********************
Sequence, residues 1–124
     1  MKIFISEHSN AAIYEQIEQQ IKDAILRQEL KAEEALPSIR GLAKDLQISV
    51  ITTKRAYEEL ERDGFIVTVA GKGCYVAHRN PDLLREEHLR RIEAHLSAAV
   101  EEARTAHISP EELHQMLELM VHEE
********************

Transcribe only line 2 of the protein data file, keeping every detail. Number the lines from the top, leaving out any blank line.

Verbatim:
     1  MKIFISEHSN AAIYEQIEQQ IKDAILRQEL KAEEALPSIR GLAKDLQISV